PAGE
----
Data Science

8 common pitfalls that can ruin your prediction

Do you remember that feeling when you plan everything very precisely, but something happens unexpectedly and ruins your plans? It’s always an awkward situation, but it can also be a costly mistake in case it’s related to your business.
Making a poor estimation is not uncommon in big data. According to the research, more than 80% of companies are trying to be data-driven, but only a third say they do it successfully. It seems like huge volumes of information that keep piling up can be a genuine riddle for many business analysts.
In this article, I will briefly explain 8 common pitfalls that can ruin your predictions.
1. Lack a Business Case
Big data can draw meaningful conclusions out of seemingly unrelated information, but you still need a concrete business case to make use of these results. This is the only way to make big data truly applicable. For instance, you cannot simply analyze brand awareness on social media.
Instead, you need to use big data to improve brand image by setting clear parameters such as direct and indirect influence, geolocation, engagement, etc. Once you detect followers’ behavioral patterns, you can adjust social media strategy so as to increase brand awareness.
2. Poor data quality
The outcome of big data analysis depends on the quality of information. This is particularly the case with unstructured and semi-structured data because they need a pre-processing adaptation. Business intelligence managers at Rushmyessay UK explained that you should filter textual information through language correction libraries to polish the content. Image and video data quality are acquired from the source, but you always need quality data to generate accurate results.
3. Data Lifecycle
Timing plays a key role in comparative analytics, but many predictions go terribly wrong because they don’t take data lifecycle into the calculation. Let’s say you started importing a product in April 2017, so there are no sell-in parameters for the first quarter of the year. If your import prediction for Q1 2018 equals zero, you’ve made a big mistake.
It only suggests you should add more indicators to the research and come up with a more accurate estimation. For example, you could compare this product’s sellout with similar items you already had in your portfolio. Such data lifecycle awareness will lead you to the completely different outcome.
4. False Aggregations
Creating complex forecasts, you will often need to take into account individual events of a larger phenomenon. Some analysts don’t realize it and make false aggregations, which is the wrong way to analyze multilevel processes. If the first phase of an event is likely to occur in February, while the last should take place in October, the process itself will not end in June. There is no in-between result, so don’t make this kind of false aggregations.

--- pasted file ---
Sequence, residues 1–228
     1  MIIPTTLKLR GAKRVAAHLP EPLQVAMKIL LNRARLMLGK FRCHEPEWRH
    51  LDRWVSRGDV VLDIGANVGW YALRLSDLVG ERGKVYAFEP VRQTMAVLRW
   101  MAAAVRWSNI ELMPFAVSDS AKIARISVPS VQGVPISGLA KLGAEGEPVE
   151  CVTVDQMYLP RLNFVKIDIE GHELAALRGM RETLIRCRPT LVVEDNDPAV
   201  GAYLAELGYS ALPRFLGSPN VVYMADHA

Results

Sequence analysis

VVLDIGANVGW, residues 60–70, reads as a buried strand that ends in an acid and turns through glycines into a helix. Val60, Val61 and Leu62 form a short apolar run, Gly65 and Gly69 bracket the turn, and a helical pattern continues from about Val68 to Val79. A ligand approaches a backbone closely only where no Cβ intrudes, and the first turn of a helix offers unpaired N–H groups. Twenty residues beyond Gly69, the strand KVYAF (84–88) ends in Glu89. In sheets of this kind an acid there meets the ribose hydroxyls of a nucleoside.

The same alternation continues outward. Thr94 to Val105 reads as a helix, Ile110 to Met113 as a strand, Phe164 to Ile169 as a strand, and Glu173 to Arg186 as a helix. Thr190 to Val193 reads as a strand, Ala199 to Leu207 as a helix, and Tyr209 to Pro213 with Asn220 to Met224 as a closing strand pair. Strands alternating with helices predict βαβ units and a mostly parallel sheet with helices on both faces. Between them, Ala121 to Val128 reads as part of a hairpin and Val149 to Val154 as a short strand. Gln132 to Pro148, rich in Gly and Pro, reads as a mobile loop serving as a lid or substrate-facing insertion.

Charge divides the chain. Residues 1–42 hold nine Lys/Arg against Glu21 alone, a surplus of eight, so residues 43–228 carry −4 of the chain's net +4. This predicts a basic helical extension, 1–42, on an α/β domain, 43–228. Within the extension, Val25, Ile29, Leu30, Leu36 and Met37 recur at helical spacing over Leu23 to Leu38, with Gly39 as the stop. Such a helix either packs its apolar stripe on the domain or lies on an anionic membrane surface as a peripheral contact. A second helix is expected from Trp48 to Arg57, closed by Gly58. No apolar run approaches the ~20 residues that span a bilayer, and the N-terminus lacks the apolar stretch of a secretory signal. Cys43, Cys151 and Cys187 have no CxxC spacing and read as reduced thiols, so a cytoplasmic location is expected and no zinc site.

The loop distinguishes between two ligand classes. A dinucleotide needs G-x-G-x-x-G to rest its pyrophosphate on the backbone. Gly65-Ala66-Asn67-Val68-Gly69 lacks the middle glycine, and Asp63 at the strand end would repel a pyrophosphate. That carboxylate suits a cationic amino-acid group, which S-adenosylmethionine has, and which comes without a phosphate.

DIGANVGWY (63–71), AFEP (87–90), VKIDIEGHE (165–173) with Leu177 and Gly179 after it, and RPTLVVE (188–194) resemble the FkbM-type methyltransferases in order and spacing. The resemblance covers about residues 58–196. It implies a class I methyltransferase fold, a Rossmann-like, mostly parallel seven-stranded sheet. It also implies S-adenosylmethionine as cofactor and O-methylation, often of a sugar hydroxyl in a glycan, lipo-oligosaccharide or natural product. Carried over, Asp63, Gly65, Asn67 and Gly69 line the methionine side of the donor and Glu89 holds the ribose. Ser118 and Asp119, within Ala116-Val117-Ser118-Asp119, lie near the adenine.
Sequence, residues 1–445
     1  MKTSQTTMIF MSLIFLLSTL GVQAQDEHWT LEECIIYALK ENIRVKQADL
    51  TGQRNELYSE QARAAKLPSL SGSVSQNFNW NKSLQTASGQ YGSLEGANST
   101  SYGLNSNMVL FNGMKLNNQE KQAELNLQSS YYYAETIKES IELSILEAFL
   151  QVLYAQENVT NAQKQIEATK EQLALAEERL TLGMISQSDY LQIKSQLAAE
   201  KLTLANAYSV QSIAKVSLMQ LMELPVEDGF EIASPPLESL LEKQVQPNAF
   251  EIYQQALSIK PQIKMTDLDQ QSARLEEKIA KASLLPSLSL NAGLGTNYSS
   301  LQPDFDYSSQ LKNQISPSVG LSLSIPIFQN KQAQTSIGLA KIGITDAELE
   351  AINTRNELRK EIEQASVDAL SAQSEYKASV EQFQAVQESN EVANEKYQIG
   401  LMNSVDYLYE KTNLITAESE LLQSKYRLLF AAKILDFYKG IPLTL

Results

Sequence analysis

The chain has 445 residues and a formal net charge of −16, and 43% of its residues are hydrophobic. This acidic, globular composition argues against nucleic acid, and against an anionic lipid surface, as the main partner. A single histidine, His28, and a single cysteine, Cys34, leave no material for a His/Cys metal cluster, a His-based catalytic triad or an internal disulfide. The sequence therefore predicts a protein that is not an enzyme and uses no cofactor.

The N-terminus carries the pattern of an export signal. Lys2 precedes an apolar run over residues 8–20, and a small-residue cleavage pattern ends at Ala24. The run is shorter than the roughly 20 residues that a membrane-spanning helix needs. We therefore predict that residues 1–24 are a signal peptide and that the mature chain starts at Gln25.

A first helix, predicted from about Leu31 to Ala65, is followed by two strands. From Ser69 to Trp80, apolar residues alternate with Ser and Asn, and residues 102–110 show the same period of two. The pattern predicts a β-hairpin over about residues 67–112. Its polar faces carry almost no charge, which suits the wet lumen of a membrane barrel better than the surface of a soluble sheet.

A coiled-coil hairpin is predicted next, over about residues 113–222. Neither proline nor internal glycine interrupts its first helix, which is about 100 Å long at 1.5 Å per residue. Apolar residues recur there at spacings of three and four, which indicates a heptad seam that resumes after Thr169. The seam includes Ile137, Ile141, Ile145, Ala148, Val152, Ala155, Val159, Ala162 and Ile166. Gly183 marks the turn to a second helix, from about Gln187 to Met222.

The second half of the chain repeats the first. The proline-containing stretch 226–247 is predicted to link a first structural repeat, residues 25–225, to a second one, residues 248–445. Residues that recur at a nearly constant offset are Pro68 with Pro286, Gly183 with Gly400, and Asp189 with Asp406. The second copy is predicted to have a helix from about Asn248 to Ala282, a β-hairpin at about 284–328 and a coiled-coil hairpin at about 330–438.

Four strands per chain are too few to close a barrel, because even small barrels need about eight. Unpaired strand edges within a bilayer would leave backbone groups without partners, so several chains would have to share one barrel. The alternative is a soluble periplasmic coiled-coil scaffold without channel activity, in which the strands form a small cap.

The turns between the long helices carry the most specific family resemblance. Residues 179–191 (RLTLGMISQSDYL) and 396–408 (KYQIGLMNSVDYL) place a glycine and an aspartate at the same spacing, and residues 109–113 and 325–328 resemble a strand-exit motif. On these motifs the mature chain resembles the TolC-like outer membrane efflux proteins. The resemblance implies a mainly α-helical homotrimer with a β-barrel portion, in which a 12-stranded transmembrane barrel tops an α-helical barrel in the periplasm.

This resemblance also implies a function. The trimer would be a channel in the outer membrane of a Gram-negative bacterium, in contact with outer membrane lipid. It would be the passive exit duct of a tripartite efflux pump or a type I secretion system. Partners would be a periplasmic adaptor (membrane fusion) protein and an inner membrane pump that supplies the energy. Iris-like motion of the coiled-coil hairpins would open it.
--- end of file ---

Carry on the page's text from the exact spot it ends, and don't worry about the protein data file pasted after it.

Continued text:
5. Overfitting
While some companies create forecasts based on low-quality data, others make the mistake of overfitting. They add various highly specific indicators to the formula, but still expect to obtain a useful general prediction.
To put it simply, a good prediction would be to say that Cleveland Cavaliers win if LeBron James scores more than 40 points. On the other hand, overfitting happens if you claim that Cavs always win when:
– James scores 41-43 points
– The number of spectators is over 16 thousand
– The opponent ranks 3rd in Western Conference
– The number of fouls does not go under 31
6. Forecast What You Can Measure
Big data operates with huge resources of information, but it doesn’t mean you can use it to extrapolate everything using the same formula. On the contrary, you can only create forecasts based on measurable indicators. If you have to design daily transportation and delivery plans, the setup is completely different than weekly predictions. But in case you rely on weekly projections, your day-to-day planning will probably end up chaotic. Read the odds of foretelling rains and why monsoon prediction is hard.
7. Don’t Realize Data Complexity
Data pile up in different formats, leaving most people confused and unprepared. For instance, you might want to analyze social impact of the brand, Twitter and LinkedIn in particular. The two platforms are completely opposite in nature – while tweets take not more than 140 characters, LinkedIn posts are usually much longer and descriptive. Each data set here demands a different combination of processing cycles, so you must adapt it to gather the same type of results for both networks.
8. Not Measuring Big Data Efficiency
Big data is not perfect and you need to measure its efficiency. First of all, it will help you to understand the accuracy of the prediction model. Secondly, the business is changing and you will have to adapt your big data technique at some point. And thirdly, if your forecasts turn out to be too bad or too precise, there is probably something wrong with it, so you should find and fix the error.
CONCLUSION
Big data has the potential to give a fresh boost to your business, but it can also ruin it in case you make false predictions. A lot of data analysts make mistakes while designing plans and projections, so you need to be aware of the most frequent cases.
In this post, we showed you 8 common pitfalls that can ruin your predictions. Did you face any of the problems already? Do you know other examples of false big data estimations? Share your experiences in comments and we’ll be glad to discuss it!

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